Federal – or any – loans represent the least desirable option to pay for college. As a veteran, you shouldn’t need to go into debt paying for school – too many better alternatives exist. Despite this reality, federal loans remain an option to pay for college. And, if you’re considering loans, federal ones typically offer far better terms than private ones.

    The federal government also offers grants for college, which you don’t need to repay. Qualifying for these will depend on your unique financial and personal situation.

    If you’d like to apply for federal loans or grants, you’ll need to complete the Free Application for Federal Student Aid (FAFSA).

    Final Thoughts

    The Post-9/11 GI Bill provides veterans the best option for paying for college. Between the tuition, housing, and book benefits, you simply can’t find a better program. And, when you combine these benefits with the Yellow Ribbon Program, you expand your options even further. But, for veterans looking for alternatives, other options to pay for college exist, as well.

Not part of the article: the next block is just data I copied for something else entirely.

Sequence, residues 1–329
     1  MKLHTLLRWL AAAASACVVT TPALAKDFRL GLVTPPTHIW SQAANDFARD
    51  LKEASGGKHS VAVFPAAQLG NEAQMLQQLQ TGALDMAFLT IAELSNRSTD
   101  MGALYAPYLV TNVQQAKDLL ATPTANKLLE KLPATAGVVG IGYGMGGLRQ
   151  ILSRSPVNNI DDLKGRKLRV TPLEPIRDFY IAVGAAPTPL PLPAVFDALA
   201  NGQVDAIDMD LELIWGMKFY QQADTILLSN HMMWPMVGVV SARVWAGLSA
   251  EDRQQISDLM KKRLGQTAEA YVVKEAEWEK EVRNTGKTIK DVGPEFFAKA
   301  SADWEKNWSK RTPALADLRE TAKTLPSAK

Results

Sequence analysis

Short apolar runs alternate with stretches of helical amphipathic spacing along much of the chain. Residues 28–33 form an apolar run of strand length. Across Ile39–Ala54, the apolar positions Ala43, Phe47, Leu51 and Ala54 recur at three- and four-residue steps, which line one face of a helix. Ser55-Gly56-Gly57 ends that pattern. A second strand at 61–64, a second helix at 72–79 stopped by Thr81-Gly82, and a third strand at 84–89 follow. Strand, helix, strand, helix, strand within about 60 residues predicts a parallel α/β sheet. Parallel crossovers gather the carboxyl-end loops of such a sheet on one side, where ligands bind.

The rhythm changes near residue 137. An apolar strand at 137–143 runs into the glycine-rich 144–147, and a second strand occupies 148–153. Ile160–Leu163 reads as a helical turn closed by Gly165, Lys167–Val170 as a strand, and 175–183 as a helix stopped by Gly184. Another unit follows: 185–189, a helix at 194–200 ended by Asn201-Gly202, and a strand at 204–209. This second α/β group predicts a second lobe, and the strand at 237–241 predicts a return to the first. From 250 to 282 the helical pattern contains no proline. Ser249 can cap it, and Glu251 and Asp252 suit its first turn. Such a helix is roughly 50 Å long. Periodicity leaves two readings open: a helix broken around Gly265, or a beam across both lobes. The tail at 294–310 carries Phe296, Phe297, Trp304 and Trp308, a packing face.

About The AuthorMaurice “Chipp” Naylon spent nine years as an infantry officer in the Marine Corps. He is currently a licensed CPA specializing in real estate development and accounting.

    Written by Team